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Image / Culture

Wordle obsessive? You’ll need to read this


By Amanda Cassidy
06th Mar 2022
Wordle obsessive? You’ll need to read this

The jig is up, wordles. A new study has found that many of you are cheating when it comes to the popular word game.

For those who are still confused about how exactly the daily brain-tease works, you might have seen those tiny red, amber and green tiles shared on the group chat or posted on social media and wondered what it could be. Or watched your colleague frantically google search a number of 5-letter words? If that’s the case, chances are they’re obsessed with the game of the moment: Wordle.

So how do you play?

It’s a 5-minute daily word game in which a new word is released every day. Players have six attempts to guess what the word of the day is. During the guesses, tiles will change colour to help players get the word. A grey letter means it isn’t in today’s word, whilst a yellow letter signals it is in the word but in the wrong position. Then there’s the green letter which means it’s in the word and in the right place.

It’s become an obsession for some, who are so desperate to maintain their winning streak that a growing number have been looking online for answers five-letter word guessing game

A study carried out by Wordfinderx (a reference website for games like Scrabble) used Google Trends data to discover that Google searches for the answer to Wordle’s daily game have trippled in recent weeks.

According to data, searches for AROMA and SWILL in the middle of February reached a 100 out of 100 on Google searches popularity scale, comparing to SIEGE in January which reached 1 out of 100.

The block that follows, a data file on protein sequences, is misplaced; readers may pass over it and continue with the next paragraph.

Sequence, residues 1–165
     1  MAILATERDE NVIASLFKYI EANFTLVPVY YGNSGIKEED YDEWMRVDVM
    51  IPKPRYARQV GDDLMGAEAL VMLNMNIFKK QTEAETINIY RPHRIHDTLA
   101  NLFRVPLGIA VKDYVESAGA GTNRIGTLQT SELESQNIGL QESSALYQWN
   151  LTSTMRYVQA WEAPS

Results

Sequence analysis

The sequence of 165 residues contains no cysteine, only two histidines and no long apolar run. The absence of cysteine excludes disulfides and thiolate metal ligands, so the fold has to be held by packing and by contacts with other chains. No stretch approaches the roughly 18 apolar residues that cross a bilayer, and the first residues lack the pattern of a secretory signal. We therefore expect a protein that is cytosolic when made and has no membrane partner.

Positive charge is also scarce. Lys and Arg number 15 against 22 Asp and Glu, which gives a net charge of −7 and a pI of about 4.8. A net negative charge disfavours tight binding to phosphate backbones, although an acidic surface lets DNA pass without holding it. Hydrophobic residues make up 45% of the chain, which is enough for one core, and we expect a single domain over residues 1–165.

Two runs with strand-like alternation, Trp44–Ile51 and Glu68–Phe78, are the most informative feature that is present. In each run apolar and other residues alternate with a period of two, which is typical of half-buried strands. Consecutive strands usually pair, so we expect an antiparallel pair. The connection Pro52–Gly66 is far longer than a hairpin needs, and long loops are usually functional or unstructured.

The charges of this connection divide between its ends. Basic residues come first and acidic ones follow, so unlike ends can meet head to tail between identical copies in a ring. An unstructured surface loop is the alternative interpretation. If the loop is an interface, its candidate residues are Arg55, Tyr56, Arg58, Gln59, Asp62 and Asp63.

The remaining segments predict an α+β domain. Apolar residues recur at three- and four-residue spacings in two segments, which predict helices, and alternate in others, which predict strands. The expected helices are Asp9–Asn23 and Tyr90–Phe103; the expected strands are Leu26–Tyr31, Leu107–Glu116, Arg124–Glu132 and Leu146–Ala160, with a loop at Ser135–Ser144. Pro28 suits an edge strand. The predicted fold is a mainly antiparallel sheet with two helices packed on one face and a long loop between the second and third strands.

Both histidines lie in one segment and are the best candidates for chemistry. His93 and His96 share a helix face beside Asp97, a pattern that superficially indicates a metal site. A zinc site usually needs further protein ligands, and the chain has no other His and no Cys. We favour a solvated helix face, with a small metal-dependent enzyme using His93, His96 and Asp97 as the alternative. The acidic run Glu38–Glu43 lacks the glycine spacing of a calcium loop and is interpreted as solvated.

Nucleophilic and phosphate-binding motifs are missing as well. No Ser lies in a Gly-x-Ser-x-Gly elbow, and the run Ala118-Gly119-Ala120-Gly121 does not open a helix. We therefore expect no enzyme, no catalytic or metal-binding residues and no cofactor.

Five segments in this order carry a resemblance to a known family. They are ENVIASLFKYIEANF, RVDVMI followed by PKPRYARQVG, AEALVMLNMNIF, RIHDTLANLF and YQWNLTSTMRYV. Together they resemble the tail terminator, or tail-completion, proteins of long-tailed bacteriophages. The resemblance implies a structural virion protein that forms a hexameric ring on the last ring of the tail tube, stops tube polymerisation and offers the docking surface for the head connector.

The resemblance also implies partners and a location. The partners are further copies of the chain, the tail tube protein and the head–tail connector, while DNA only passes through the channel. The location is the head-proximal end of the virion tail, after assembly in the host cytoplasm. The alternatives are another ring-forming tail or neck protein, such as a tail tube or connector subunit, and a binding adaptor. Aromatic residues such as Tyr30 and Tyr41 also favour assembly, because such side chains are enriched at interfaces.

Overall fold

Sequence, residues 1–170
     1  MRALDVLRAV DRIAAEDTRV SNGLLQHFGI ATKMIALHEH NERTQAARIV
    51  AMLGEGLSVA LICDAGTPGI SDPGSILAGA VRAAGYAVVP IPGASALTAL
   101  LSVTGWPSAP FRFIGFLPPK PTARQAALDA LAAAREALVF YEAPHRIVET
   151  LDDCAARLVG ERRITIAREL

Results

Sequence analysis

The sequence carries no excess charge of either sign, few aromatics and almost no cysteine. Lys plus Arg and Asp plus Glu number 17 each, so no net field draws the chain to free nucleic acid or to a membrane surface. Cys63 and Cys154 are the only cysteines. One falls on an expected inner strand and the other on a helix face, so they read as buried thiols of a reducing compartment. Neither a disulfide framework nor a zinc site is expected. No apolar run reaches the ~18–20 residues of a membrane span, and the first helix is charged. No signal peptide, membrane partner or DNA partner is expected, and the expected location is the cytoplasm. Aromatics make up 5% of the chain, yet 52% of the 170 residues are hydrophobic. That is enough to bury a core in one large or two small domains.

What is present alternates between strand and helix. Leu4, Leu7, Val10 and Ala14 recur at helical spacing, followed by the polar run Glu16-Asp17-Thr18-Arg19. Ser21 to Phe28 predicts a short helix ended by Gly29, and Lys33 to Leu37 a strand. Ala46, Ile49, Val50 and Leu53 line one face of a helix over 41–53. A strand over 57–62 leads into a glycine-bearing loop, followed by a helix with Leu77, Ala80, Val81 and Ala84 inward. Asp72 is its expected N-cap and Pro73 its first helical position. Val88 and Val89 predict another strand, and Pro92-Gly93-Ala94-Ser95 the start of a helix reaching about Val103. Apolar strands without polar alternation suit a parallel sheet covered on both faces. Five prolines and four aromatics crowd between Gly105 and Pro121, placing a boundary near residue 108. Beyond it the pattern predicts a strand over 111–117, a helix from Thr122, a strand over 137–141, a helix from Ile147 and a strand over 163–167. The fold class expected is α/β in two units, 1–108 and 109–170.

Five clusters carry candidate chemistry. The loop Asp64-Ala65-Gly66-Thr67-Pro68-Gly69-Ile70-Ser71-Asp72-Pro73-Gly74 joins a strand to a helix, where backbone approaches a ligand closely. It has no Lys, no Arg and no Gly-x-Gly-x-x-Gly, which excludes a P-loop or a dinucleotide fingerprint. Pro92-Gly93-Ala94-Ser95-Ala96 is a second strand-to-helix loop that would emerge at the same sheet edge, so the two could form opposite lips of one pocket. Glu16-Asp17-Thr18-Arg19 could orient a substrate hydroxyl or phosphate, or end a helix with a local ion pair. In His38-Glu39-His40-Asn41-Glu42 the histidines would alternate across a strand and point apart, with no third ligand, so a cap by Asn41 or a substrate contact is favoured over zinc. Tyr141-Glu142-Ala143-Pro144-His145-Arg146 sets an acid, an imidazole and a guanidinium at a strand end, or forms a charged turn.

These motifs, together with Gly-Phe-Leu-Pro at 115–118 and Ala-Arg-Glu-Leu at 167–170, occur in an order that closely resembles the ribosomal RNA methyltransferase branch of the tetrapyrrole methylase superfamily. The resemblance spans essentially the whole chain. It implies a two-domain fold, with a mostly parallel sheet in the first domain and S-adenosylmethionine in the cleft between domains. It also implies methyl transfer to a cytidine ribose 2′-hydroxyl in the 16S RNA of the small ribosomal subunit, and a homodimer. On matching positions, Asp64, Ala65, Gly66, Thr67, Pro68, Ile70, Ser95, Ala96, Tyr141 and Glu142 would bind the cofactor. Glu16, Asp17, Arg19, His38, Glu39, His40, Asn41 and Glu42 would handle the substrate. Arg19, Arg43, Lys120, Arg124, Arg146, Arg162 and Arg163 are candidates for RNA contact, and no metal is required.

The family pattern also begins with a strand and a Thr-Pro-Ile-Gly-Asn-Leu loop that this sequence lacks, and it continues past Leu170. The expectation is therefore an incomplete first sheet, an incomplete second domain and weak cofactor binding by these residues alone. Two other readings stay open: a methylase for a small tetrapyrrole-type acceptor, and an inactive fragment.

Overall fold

The New York Times purchased the game on Jan 31st but the game had gone viral in late 2021 jumping from 300,000 players in January to millions in February. Psychologists believe that the reason it is so pupular is because the daily quick bite-size fun pulls in players by giving them something to look forward to each day as well as a personal challenge they can also share online.

So are people really cheating or is it a matter of an uptick in players playing the game? According to the study, the number googling the answer implies that there are some who do need a little help when it comes to maintaining their winning streak. If someone is consistently doing well and telling their followers online how they are doing, it is easier to have a peak at some of the harder answers in order to keep that winning streak going.

History

Wordle was created by Josh Wardle – a Welshman and former Reddit employee. He was a software engineer who brought the game back during the pandemic to entertain family and friends.

“Last year, my partner and I got really into crosswords and word games and I wanted a game for us to play each morning as part of our routine,” he told BBC’s Today programme. “Since launching Wordle, I’ve been in awe of the response from everyone that has played,” he tweeted. “The game has gotten bigger than I ever imagined (which I suppose isn’t that much of a feat given I made the game for an audience of one”.

It’s believed Josh sold the rights to the game to The New York Times in a seven-figure deal earlier this year.

Wordle isn’t the first popular word puzzle in human history, of course. A little while back Words With Friends had a moment and Scrabble is obviously the granddaddy of the genre. So while Wordle is too new for scientists to have much to say about it specifically, psychologists have studied earlier word puzzles.

There’s a reason games like this became more popular during the pandemic too.  Speaking to INC. Psychologist Penny Paxman explains how people are high in what psychologists call “need for cognition.

Connection

“People like this have a strong drive to keep their brains occupied and will always respond well to a new brain teaser.” But Pexman also suggests that there’s something about our collective psychological moment that makes the game more broadly appealing now.

“With only one Wordle released per day, everyone is solving the same puzzle. The online game’s sharing options also allow us to share our results with others without giving the answer away,” she writes. “That means Wordle is also creating an opportunity for shared experience at a time when many people are feeling disconnected from others.”

So the message is clear; connect, don’t cheat. And don’t ever give away spoilers!